FIG. 9 shows an example process of database service requests and storing requests in logical storage according to one embodiment of the present invention. In a distributed computer system 900, a client 901 communicates a request to a load manager 902. The load manager sends the request to a request handler 903A. In the case of FIG. 9, the database service is configured in an active/standby mode, where the request is not forwarded to the other request handler of the cache server (e.g., request handler 903B associated with cache server 904B).

In the example shown in FIG. 9, cache server 904A receives the request, performs a post operation on the request which results with a right to logical storage. In the active/standby mode, the first database server issues a replication post to the request handler of the database system of data center #2. Request handler 903B sends the request to a suitable database server (e.g., database server 904B) which hosts the requests and rights to logical storage (e.g., logical storage 905B). The standby database server sends a response to the active database server of data center #1. The active database server receives the response and sends the response to the client. In this way, the standby and active servers in both data centers are updated, and upon failure of the active server, the standby server may begin servicing requests (e.g., when the load manager 902 forwards requests to a port of the standby server).

In a more detailed example, there are three configurations available to each partition or user of the database service:

    • active/single
    • active/standby
    • active/active

In one embodiment, the configuration is set for each partition/user by using a parameter file that specifies the mode of operation. In one embodiment, each active/single data center has its own URL/port combination, and clients are configured to referencing the URL/port directly in their database requests. In an active/standby configuration, the database system may have a URL/port managed by a monitoring component (e.g., a load manager or other entity), and client requests reference the monitoring component (e.g., load manager, load balancer, router or other entity). In the active/standby configuration, a client does not reference the active/standby URL/port directly, as only the monitoring component (e.g., a network router and load balancer) references the active/standby URL/port.

In one implementation, in the active/active has a URL/port managed by the database server monitor, with client requests referencing a network router and load balancer. A client does not reference the active/active URL/port directly, as only the network router and load balancer references the active/active URL/port.

When in an active/single configuration, a database server partition/user is defined to one data center within a virtual computing system. For instance, a z/OS Parallel Sysplex may be used, and as is known, the z/OS Parallel Sysplex combines two basic capabilities of parallel processing and enabling read/write data sharing across multiple systems with full data integrity. A z/OS Parallel Sysplex configuration may include two or more physical zEnterprise servers (CPC/CEC (where CPC is a central processor complex, and CEC is a central electronic complex or mainframe “box”)), two or more logical partitioned operating systems (LPAR) and two or more virtual transaction servers (e.g., implemented as virtual servers, also commonly referred to as “regions”). One virtual transaction server that may be used in the IBM mainframe environment includes the well-known CICS server. The CICS (Customer Information Control System) servers is a well-known family of application servers and connectors provided by IBM that provides industrial-strength, online transaction management and connectivity for mission-critical applications.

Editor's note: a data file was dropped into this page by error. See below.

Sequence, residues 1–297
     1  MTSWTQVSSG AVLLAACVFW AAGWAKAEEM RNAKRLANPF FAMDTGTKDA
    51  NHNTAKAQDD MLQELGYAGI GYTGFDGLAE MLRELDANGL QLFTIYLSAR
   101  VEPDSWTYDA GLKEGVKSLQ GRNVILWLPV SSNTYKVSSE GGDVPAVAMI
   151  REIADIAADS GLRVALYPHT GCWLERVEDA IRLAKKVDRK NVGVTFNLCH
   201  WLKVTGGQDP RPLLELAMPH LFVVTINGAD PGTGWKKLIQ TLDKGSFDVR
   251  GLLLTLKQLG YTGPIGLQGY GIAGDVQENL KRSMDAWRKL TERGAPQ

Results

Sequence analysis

In one example implementation, a client application that uses a database service according to various embodiments sends a REST/SOAP web service request to one URL for an active/single port for a specific data center and the request handler (e.g., a z/OS TCP/SD (Sysplex Distributor) and WLM (work load manager)) routes the request to the ‘best performing’ LPAR and CICS server. Because the request database (e.g., a cache file stored by SMSVSAM and/or CFDT) are accessible to all CICS servers and z/OS LPARs, there is no replication necessary between LPARs and/or CICS regions. With the z/OS Parallel Sysplex, TCP/SD, WLM, multiple LPAR and CICS servers, the active/single provides high availability (HA) and load balancing. Should the entire z/OS Parallel Sysplex fail, there is no recovery or replication required when the system is restarted.

When in an active/standby configuration, a database server partition/user is defined to one data center within a z/OS Parallel Sysplex as ‘active’ and another data center within a z/OS Parallel Sysplex as ‘standby’. Both active and standby systems are “live” and include two or more zEnterprise servers (CPC/CEC), two or more logical partitioned operating systems (LPAR) and two or more CICS servers (e.g., virtual servers). The client application that uses the database service sends a REST/SOAP request to one URL, which is handled by a network router and load balancer, which then routes the request to the active/standby port on both data centers.

The active system maintains the client port opened, allowing requests from the network router and load balancer. However, the standby system maintains the client port closed. The closed port signals the network router and load balancer to send requests to the active system, which maintains the open client port. The client port on both the active and standby systems are monitored and managed by a database server background process.